When I see him coming, I cringe a little. A tall man with gray hair topped by a ball cap which usually sits a bit too high. He’s in jeans, and always wears a blue windbreaker. In his hand is a leash, and at arm’s length a Dalmatian with a muzzle lead. The dog’s name is, Captain. Honestly, I don’t like Captain. I don’t care much for the man walking him either, though he and I have never really met. We just pass each other early in the morning, several times per week, walking our dogs.
Some time ago this man confronted me about not having my own dog on a leash. I explained that my dog walks off leash because he’s prone to panic attacks on a leash, probably because he was abused as a puppy. He suggested that his dog might hurt my dog and was just giving me a warning. Well, I thought to myself, is your dog that much of jerk or is it just you…? I thought it, but I didn’t speak it. I wished him a good day and moved on.
Since that encounter, we have passed each other dozens of times, always with an obvious tension between us, but we always smile and exchange good mornings. When I see him coming I begin to feel a bad day coming on. As we pass we each other though, and as I say good morning to him, I always feel better. Bad day averted by simply reaching out.
When this happens, I often flash back the character, Lloyd Dobler, from the movie, Say Anything. In one scene, Dobler, played by John Cusack, questions his grumpy sister, asking her again and again, “how hard is it to be in a good mood, and then just be in a good mood…?”
I’ve never been able to let that go – that very often having a good day, or turning a bad one around is simply a decision, like saying good morning to the man with the Dalmatian, despite that I don’t care for him.
Tricks Of The Trading…
Bad moods happen, and almost always when I least expect them. Hard as it might be, the best way I have found yet to combat a bad mood is by simply asking myself that Cusack question; how hard is it to be in a good mood, and then just be in a good mood…? By just stopping and asking that of myself, it gets me thinking about how easy it really is to get back on track to a better day.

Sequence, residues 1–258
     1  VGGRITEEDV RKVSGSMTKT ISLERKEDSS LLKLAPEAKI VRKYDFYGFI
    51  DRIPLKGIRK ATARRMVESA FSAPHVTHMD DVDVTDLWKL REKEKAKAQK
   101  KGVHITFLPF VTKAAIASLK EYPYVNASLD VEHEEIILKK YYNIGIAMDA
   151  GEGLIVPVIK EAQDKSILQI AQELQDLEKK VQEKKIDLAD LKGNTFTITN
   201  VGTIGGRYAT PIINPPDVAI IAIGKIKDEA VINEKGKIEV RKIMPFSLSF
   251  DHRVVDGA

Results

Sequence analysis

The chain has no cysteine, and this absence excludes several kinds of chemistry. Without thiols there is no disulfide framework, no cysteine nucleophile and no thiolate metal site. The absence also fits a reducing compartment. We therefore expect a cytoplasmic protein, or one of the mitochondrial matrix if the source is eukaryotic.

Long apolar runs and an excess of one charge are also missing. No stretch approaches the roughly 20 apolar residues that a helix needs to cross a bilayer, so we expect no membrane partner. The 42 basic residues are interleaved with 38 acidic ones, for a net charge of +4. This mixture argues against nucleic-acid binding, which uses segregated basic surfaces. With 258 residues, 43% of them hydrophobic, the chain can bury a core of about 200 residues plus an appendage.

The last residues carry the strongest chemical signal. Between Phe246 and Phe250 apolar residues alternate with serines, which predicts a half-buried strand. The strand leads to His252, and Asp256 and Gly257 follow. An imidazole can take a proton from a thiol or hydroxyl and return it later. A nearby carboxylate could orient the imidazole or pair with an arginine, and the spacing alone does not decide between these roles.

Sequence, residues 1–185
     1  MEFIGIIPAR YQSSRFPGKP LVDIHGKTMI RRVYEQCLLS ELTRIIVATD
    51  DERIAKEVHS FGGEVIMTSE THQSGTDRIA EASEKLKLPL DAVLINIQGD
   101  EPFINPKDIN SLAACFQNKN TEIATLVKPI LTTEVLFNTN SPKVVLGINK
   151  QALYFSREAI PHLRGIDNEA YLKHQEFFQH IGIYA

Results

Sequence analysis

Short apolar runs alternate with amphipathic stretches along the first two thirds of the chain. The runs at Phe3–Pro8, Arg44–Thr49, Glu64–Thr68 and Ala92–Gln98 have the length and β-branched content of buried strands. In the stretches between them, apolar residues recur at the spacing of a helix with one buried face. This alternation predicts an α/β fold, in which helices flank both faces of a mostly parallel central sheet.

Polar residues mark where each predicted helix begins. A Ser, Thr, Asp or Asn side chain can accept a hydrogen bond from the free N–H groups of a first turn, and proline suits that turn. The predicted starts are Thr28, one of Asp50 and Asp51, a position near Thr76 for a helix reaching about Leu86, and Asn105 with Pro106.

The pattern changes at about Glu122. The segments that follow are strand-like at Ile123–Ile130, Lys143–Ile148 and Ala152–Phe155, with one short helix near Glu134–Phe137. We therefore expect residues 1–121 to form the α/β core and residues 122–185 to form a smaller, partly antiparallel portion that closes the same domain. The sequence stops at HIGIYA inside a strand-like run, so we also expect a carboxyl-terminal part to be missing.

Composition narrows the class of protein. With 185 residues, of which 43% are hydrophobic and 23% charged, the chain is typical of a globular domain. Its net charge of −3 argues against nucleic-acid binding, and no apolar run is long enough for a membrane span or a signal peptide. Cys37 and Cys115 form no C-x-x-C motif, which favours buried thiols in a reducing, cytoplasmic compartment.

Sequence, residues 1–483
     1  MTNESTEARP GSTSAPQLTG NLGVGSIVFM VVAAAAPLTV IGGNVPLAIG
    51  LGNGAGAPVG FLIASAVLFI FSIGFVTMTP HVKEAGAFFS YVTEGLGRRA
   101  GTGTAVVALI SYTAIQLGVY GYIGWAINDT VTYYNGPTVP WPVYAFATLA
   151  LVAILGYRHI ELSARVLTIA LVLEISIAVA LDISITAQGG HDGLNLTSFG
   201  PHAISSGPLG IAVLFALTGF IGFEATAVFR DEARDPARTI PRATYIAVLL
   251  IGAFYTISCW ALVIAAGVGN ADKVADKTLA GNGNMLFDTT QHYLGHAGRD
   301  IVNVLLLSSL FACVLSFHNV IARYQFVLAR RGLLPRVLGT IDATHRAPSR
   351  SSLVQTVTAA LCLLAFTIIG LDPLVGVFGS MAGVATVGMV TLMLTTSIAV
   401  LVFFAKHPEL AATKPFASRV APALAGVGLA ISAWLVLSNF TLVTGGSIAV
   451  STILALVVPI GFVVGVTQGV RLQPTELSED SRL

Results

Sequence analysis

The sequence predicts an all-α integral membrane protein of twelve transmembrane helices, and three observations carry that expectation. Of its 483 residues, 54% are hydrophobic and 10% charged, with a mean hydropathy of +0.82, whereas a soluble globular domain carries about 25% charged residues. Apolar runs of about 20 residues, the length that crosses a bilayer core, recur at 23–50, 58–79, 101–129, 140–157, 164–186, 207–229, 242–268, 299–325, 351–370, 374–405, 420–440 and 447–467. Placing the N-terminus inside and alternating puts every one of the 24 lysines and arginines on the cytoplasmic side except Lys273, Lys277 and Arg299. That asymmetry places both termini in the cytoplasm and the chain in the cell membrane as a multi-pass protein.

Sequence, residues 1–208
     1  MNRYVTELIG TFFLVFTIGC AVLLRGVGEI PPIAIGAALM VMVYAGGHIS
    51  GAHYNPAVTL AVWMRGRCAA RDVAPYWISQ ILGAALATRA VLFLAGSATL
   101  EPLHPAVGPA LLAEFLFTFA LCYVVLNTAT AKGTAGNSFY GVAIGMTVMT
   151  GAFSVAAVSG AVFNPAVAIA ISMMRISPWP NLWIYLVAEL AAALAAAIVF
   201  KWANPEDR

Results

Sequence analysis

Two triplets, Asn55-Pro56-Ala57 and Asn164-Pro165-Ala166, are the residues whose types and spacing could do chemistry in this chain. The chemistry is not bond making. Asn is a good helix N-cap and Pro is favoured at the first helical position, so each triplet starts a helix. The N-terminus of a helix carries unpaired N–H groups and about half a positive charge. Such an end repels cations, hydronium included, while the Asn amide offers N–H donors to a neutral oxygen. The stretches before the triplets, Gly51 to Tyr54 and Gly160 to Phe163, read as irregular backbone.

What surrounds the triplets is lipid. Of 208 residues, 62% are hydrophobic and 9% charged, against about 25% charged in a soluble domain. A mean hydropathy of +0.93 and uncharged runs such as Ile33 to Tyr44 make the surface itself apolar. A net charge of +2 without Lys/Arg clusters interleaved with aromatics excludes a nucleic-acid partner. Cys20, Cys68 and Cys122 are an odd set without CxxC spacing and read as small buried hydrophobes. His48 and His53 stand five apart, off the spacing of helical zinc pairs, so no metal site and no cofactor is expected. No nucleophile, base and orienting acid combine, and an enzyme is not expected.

Most often the answers to that question lay in several possible actions, the first being to go for a walk. Walking in nature diffuses a bad mood quickly – especially if I set my phone to airplane mode. With nothing but the rhythm of my feet, the thoughts in my head, and the sounds of nature, a bad mood doesn’t have much of a chance. Problems, however mighty, soon get small when I’m walking in nature.
Music is another tool I use to pry a bad mood from my head. I dare you to listen to Jimmy Cliff’s Many Rivers To Cross and walk away sulking. Not likely. It tends to bring my inner resolve to the surface. There is a dozen or so songs I know that carry this weight, any one of them can lead me into a better mood. George Harrison’s Hear Comes The Sun being another, and Matthew Sweet’s Divine Intervention. I call these my mood altering songs…
I might grab my dog and just hold him. I’ll say something like, “This may be selfish, but I really need you right now…” We’ll sit on the porch. Feeling his heartbeat in my hand, and knowing that he’s absolutely dependent on me is both grounding and humbling. It’s also a bridge to a more peaceful moment.
Perhaps I’ll reflect on a real tragedy; the illness of a friend or the death of a loved one. Considering this, my bad moods don’t usually seem so bad. Dropping my coffee on my laptop isn’t a nightmare, thinking about a young widow is, but even so, that’s not my nightmare, it’s somebody else’s – which reinforces my point precisely. When I stop and think of the things which might be the cause my bad moods, few of them are ever worthy of that kind of power.
I’ll Come Full Circle Now…
One of the best tools I regularly use to turn a bad mood around is to simply reach out and offer a sincere hello to someone – anyone who’s path I might cross, regardless of how I might feel about them. This could be in the bank, on my street, at the grocery, or back out on the trail. Saying hello to a stranger, a friend, or even an adversary, and actually feeling it from deep within, always makes me feel better inside.
I can think of few better mood altering drugs than the drug of a human connection. The next time you’re having a bad day, try saying hello to a stranger or perhaps even someone you don’t care for. Reach out. It might be just enough to help turn the corner on a bad mood, and it might become an addiction worth keeping. Be well… rc
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